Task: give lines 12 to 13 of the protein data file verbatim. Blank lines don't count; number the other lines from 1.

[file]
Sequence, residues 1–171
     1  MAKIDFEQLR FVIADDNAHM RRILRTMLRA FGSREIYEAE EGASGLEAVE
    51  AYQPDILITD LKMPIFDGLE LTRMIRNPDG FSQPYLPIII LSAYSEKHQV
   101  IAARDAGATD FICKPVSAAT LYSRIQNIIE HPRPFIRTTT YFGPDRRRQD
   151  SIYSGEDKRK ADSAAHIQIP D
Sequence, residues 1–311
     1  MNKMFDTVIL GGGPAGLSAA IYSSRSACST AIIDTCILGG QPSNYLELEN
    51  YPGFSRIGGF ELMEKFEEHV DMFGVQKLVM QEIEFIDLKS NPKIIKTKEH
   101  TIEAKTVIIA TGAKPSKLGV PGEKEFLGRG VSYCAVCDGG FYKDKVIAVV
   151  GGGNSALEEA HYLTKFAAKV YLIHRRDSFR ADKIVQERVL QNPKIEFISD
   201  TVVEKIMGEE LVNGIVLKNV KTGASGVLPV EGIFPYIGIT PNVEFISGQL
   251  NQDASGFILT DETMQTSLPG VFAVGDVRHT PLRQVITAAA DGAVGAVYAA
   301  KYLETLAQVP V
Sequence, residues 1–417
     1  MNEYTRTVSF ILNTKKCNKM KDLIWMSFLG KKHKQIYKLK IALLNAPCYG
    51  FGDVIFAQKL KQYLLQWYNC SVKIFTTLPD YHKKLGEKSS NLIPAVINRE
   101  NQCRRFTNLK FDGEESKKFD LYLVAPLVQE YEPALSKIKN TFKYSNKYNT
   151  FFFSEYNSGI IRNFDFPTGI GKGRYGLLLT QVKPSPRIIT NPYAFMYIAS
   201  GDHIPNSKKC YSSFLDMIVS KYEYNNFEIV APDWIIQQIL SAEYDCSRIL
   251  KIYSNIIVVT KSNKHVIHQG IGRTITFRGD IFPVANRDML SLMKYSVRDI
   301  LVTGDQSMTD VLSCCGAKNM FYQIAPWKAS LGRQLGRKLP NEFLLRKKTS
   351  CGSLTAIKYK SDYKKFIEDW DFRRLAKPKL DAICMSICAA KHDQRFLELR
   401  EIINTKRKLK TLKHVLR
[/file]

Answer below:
   251  NQDASGFILT DETMQTSLPG VFAVGDVRHT PLRQVITAAA DGAVGAVYAA
   301  KYLETLAQVP V